It wasn’t enough. It would never be enough. They were still all going to die, and though on some days, Aakesh yearned for that, wanted all the humans to die, too, dreamed of them screaming and flailing and drowning and melting and bleeding and exploding, that was not all days.
When he watched children play, made breathless by their creativity.
When he listened in on lovers, whose tender declarations contained steel and fire and softness and beauty.
When he watched lone artists create, often in secret, splashing emotions they could not name onto canvas or cloth or clay.
The humans, he knew, should not simply all be killed – but they couldn’t be allowed to continue like this, either. He saw them punish their children for creativity unapproved. Watched lovers fall apart, bickering over things that did not matter, shredding perfect love. Saw artists burn their art, or trash it, or hide it out of shame, as if their true selves should never been seen by their fellow humans.
No. This could not continue.
I’m illogical, he thought, because he wanted to save both species, which everyone knew was impossible.
The humans gave him the idea, in the end.
It shouldn’t have been surprising. Humans thought up things all the time, creating concepts from nothing, sporting an imagination that was practically an unknown language. But they gave him the idea, and once he had it, it grew, and he fed and watered, and planted it deep, and piled more on until he had a plan.
The seed was simple: Humans did not know anything that came before. They were born completely ignorant, and only knew from then on what they were told. Which meant, if a mother told a son that his father was a good man, the son knew that to be true – even if the father himself was a drunken abuser who’d been pushed into the black water for everyone’s good.
Which meant, if a teacher told a student that the Sundered Ones were rare, and bred slowly, and so must be gathered with care, the student knew that to be true – even if it was completely wrong from start to finish.
To gain access to the Hope, to trick an Iskinder into shutting it down, required that humans not know what they now knew. And thanks to The Reformation, Aakesh understood how to make it happen.
It took generations.
Years of subtly changing books, of ensuring certain “reactions” were observed in Sundered Research, confirming biases the Sundered Ones had planted in the humans in the first place.
Ages of watching Iskinders, listening to Iskinders, undermining Iskinders, destroying Iskinders, until their family was a hovel compared to the palace it once was, self-important junk-scavengers and no longer leaders of the human race.
Desperation and pride made reconditioning easier. Aakesh’s plan (all their plan, because the Sundered Ones did nothing alone) worked, and Aakesh kept his goal in mind, ensuring all would feel its power: save what humans we wish. They do not all die. And they wouldn’t – he would see to that, though many, many would – but they would never make their own decisions again.
They couldn’t be trusted. Poor things, somehow skipping the evolutionary drive for self-preservation in trade for instant gratification. They just needed to be looked after. That’s all.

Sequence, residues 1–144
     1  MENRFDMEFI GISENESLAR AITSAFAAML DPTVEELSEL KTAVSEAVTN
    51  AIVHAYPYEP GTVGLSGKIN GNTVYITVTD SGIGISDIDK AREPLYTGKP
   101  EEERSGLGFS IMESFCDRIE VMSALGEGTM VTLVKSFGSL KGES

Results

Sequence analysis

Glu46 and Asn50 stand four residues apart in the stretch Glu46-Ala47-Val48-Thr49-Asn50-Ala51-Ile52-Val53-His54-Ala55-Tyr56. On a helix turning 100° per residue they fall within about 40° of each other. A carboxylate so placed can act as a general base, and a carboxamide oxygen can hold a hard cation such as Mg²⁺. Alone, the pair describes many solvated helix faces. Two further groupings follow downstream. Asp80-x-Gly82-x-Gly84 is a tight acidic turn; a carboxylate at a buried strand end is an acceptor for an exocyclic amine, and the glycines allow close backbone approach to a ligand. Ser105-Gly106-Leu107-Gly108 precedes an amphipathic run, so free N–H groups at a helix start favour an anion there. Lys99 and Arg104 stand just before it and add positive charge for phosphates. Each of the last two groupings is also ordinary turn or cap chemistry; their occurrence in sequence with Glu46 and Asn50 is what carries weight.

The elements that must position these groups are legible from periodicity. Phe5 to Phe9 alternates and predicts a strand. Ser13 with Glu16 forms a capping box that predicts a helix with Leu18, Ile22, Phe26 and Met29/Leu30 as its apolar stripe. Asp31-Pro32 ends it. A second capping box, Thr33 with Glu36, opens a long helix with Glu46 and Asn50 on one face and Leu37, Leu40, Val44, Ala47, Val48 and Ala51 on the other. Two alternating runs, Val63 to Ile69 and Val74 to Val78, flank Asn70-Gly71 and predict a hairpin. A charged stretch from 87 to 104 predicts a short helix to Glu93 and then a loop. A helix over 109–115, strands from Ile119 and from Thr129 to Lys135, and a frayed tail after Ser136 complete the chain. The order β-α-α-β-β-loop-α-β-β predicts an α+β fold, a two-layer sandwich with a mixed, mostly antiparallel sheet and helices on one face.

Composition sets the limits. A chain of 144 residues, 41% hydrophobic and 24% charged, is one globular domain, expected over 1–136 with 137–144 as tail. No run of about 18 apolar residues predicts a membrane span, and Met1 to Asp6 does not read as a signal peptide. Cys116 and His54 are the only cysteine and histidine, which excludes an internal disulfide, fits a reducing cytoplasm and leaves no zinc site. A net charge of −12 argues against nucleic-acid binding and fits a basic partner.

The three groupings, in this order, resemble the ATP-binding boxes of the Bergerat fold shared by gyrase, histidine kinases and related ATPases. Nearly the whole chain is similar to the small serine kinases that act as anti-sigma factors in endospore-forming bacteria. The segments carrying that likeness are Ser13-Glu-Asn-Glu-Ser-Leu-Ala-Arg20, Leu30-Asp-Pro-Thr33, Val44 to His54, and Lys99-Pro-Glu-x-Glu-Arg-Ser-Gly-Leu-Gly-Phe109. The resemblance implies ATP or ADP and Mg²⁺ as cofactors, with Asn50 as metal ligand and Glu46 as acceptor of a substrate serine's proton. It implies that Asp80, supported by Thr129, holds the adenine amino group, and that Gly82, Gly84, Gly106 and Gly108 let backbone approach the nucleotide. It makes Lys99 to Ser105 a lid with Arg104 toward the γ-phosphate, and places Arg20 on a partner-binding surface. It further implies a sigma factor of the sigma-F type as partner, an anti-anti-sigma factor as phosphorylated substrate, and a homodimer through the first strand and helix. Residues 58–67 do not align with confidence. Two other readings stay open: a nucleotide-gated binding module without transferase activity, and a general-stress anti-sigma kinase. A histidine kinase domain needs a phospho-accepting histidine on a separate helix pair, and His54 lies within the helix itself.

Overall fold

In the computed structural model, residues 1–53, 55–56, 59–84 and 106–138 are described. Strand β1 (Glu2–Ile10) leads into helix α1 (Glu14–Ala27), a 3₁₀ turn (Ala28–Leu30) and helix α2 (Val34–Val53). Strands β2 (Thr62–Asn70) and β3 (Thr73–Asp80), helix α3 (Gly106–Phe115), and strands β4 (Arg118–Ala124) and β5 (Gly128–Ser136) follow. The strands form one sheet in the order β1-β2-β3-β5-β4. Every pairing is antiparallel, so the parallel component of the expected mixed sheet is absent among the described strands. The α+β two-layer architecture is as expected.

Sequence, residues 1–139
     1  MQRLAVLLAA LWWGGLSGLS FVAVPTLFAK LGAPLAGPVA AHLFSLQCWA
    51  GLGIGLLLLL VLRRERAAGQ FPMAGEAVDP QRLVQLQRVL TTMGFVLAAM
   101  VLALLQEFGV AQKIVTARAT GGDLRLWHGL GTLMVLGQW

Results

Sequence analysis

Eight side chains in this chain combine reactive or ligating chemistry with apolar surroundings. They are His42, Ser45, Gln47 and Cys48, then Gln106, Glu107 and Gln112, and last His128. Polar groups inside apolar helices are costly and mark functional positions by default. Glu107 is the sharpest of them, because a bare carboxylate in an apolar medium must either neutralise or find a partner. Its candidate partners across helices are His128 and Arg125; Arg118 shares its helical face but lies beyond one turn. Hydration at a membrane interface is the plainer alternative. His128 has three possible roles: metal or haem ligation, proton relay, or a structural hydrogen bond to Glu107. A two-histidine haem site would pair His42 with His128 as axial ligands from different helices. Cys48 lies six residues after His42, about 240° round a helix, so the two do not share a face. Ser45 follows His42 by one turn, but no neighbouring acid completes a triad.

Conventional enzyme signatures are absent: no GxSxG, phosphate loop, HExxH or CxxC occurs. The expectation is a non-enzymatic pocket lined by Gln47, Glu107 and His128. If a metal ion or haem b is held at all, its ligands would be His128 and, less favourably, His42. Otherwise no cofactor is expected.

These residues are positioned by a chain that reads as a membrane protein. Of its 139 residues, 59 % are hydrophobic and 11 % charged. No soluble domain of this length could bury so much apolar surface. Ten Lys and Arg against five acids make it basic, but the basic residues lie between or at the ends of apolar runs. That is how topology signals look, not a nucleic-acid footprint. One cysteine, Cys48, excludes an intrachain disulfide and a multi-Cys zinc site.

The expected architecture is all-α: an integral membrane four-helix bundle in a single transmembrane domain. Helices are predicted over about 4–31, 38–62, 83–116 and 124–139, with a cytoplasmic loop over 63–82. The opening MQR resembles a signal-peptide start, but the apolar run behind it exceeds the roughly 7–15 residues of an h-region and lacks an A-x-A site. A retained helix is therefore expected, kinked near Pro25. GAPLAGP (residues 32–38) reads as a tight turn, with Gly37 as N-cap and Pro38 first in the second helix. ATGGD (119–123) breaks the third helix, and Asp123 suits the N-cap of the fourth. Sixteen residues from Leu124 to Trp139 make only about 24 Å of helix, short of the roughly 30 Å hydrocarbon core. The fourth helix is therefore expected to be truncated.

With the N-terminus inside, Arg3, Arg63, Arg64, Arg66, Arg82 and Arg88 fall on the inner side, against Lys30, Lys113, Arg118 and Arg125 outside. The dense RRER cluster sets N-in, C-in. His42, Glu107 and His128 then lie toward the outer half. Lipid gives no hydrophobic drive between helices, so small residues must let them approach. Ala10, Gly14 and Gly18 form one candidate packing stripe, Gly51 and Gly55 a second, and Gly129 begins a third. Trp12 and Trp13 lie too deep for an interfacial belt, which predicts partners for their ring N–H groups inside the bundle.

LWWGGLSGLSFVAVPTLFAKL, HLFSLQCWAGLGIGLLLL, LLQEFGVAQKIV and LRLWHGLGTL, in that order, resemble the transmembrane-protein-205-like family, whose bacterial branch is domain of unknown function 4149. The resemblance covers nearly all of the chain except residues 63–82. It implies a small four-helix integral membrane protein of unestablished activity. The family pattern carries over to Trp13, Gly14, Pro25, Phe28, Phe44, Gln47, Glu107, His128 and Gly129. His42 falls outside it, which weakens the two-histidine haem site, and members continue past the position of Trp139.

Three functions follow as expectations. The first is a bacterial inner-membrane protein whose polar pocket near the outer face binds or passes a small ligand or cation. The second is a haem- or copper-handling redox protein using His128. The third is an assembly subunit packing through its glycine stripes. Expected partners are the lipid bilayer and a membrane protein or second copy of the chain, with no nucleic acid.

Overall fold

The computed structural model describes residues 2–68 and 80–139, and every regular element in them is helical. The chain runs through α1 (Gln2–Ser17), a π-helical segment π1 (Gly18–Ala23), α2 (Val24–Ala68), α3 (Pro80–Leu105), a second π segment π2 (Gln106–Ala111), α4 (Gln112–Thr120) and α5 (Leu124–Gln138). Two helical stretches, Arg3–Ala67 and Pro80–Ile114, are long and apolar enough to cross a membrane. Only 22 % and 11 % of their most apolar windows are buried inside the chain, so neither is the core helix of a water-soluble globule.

It would be good for them.
We will choose the right humans, Aakesh thought, they all thought, they all echoed. Control what they think, what they know, and at last, we will all find peace.
“What?” said Harry. “You said something?”
Aakesh looked toward him, toward this young man who was smart but not wise, who was creative but not cruel, who’d guaranteed their freedom through desperate errors and a good heart. Harry looked happier these days; he’d earned more clothing than the simple loin cloth they’d put him in at first (maybe a little revenge enacted there), and now he painted every day, creating wild masterpieces of the places he’d been and the things he’d seen.
He’d begun doing Sundered portraits, and everyone loved that. The way he saw them was never the way they saw themselves, and these portraits made wonderful gifts, even if they didn’t survive very well in the water.
“I said nothing, Harry Iskinder,” murmured Aakesh, eyes lidded, studying what was his.
“You did, though,” said Harry, who was stubborn, and whose stubbornness Aakesh did not wish to burn out. It was endearing.
“You said something about peace.”
“Ah. I was dreaming, Harry.” Aakesh smiled, smooth as oil.
Harry blinked. “I thought you didn’t sleep.”
“We do not.”
“I learned to dream from you.” Aakesh turned in the air, still horizontal but now looking at Harry upside down, his hair undulating on its own to curl over the tops of Harry’s feet.
Harry took a step back. “Okay, that’s just weird, Aakesh.” Harry didn’t know what to think of this statement, and Aakesh liked that he did not.
We will form them, he and all the Sundered thought, a great shudder of intent rippling through them all. We will shape them. They will be happy, and we will be free.
Harry was already painting again, driven to it, caught in the joy of being able to do it whenever he wanted, and nobody ever telling him he wasn’t supposed to create.
Yes. This was the way to be.
This, thought Aakesh, is a beautiful survival.